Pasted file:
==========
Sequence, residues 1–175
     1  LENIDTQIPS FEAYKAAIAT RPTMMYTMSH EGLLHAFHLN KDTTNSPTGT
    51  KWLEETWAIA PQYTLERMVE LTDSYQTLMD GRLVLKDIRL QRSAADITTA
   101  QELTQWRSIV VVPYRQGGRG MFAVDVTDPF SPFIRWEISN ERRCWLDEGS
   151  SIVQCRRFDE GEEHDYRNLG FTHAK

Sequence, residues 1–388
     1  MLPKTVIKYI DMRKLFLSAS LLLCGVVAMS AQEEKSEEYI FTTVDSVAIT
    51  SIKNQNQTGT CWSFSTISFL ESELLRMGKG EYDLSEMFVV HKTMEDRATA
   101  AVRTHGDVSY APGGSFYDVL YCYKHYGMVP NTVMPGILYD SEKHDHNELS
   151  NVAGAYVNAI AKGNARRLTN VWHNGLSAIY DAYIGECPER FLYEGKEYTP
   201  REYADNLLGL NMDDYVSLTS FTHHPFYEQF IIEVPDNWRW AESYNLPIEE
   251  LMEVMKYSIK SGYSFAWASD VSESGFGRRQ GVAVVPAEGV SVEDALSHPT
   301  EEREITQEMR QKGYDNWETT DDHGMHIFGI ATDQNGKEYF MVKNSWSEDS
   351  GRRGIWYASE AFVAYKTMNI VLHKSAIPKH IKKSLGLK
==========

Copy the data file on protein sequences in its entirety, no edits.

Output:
Sequence, residues 1–175
     1  LENIDTQIPS FEAYKAAIAT RPTMMYTMSH EGLLHAFHLN KDTTNSPTGT
    51  KWLEETWAIA PQYTLERMVE LTDSYQTLMD GRLVLKDIRL QRSAADITTA
   101  QELTQWRSIV VVPYRQGGRG MFAVDVTDPF SPFIRWEISN ERRCWLDEGS
   151  SIVQCRRFDE GEEHDYRNLG FTHAK

Sequence, residues 1–388
     1  MLPKTVIKYI DMRKLFLSAS LLLCGVVAMS AQEEKSEEYI FTTVDSVAIT
    51  SIKNQNQTGT CWSFSTISFL ESELLRMGKG EYDLSEMFVV HKTMEDRATA
   101  AVRTHGDVSY APGGSFYDVL YCYKHYGMVP NTVMPGILYD SEKHDHNELS
   151  NVAGAYVNAI AKGNARRLTN VWHNGLSAIY DAYIGECPER FLYEGKEYTP
   201  REYADNLLGL NMDDYVSLTS FTHHPFYEQF IIEVPDNWRW AESYNLPIEE
   251  LMEVMKYSIK SGYSFAWASD VSESGFGRRQ GVAVVPAEGV SVEDALSHPT
   301  EEREITQEMR QKGYDNWETT DDHGMHIFGI ATDQNGKEYF MVKNSWSEDS
   351  GRRGIWYASE AFVAYKTMNI VLHKSAIPKH IKKSLGLK